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Myanmar Celebrates the 70th Anniversary of Martyrs’ Day

Myanmar held the main state ceremony at the Martyrs’ mausoleum in Yangon on Wednesday (July 19) to mark the country’s 70th Martyrs’ Day to commemorate fallen independence heroes that included General Aung San and eight others who were assassinated on that day in 1947. General Aung San was leader of the majority Anti-Fascist Peoples’ Freedom League party (AFPFL), effectively the Prime Minister of Burma (now Myanmar). It is customary for high-ranking government officials to visit the Martyrs’ Mausoleum in Yangon in the morning of that day to pay respects. State Counselour Aung San Suu Kyi, the parliamentary speakers, senior officials and the military chief Min Aung Hlaing, attending the ceremony laid a lot of condolence wreaths bowing in front of the tombs of independence heroes and paying obeisance. General Aung San, the founder of Myanmar Armed Forces (the Tatmadaw), led the fight for Burmese independence from British colonial rule. Elections were held in April 1947 and while General Aung San emerged as the clear leader of the new government that would lead Myanmar toward independence.

On July 19, 1947, General Aung San, 32, was gunned down along with several colleagues by a political rival in one of the rooms at The Secretariat building while conducting a meeting of the Executive Council on the second floor of the Secretariat Building, for the transfer of power from British to Burma (now Myanmar). They were assassinated by four youths dressed in army uniformed carrying Sten and Tommy guns. The killers dashed upstairs and sprayed the room with blood, killing.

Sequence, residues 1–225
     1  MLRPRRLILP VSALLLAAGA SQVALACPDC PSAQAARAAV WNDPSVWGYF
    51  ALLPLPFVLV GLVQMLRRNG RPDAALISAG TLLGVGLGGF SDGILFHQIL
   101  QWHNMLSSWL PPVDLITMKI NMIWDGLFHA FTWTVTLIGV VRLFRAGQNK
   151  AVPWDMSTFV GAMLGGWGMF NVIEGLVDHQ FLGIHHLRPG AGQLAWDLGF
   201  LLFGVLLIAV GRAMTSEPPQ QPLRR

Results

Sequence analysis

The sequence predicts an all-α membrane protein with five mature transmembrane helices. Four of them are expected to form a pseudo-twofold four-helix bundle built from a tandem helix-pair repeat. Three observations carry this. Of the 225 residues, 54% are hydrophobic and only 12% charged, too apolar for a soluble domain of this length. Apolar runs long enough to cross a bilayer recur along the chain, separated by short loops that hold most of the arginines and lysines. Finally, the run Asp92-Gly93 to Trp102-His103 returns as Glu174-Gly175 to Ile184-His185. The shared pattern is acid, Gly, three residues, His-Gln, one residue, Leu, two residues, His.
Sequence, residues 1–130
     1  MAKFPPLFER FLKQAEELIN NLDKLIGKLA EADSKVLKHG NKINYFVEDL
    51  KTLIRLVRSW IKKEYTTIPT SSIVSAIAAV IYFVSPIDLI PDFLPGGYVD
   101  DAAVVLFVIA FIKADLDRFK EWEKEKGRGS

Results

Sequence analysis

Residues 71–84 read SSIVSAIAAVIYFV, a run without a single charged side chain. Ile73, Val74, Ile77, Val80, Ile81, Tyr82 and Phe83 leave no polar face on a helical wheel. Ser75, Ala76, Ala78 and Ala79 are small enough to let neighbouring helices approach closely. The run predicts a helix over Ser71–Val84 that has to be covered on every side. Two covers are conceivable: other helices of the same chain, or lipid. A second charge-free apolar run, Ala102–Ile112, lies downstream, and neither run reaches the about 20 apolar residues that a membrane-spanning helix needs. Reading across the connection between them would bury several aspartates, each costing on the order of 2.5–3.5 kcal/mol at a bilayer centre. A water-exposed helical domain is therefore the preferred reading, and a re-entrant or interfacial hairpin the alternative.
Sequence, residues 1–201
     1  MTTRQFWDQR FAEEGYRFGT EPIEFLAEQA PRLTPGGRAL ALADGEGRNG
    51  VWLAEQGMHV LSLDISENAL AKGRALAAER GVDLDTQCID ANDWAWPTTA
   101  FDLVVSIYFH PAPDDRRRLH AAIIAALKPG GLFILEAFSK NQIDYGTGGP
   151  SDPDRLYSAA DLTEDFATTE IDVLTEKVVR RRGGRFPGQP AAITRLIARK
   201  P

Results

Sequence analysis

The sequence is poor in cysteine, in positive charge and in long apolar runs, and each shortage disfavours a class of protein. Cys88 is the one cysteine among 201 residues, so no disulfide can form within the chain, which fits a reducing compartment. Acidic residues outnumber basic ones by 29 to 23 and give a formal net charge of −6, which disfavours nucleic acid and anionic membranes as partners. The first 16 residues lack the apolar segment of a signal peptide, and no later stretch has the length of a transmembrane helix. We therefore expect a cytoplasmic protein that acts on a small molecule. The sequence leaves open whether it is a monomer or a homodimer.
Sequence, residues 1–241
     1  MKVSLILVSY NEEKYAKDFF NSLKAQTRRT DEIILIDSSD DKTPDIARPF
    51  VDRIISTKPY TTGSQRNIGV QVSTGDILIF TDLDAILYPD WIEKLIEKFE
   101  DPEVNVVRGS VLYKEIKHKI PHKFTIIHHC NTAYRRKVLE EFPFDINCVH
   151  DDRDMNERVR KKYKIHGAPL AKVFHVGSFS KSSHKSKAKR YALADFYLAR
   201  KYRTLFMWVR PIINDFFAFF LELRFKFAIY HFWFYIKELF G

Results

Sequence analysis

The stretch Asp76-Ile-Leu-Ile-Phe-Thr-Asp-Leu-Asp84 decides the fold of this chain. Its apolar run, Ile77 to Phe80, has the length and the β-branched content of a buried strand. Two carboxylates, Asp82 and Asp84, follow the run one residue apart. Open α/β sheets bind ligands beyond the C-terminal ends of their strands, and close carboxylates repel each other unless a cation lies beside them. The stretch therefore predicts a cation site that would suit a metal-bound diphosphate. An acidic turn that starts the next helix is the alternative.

General Aung San, six cabinet ministers including his older brother, a cabinet secretary and bodyguard. He died at the tender age of 32 just months before the country gained independence on Jan 4, 1948. Galon U Saw, the former premier, was convicted of the murder of General Aung San as weapons found in his residence were the same weapons used in the murder; they had been stolen from the British army depot and supplied to him by Major Henry Young and Capt. David Vivien. David Vivien was sentenced to five years in prison but escaped and ended up in the UK. In prison, Saw, before hanging, sent a series of letters to Capt. Vivien threatening to disclose all and demanding money from British Council officer Stuart Bingley who used diplomatic immunity to evade questioning and was quickly packed of to the UK. Saw was executed in 1948 for his role in the assassination. Myanmar’s national flag was flown half-mast across the country on Wednesday to mark the event. Myanmar Radio and Television sounded a siren at 10:37 a.m. local time to observe the time of the assassination of the martyrs. The mausoleum, which has undergone renovations, was opened to the public to come and pay respects for three days starting Wednesday.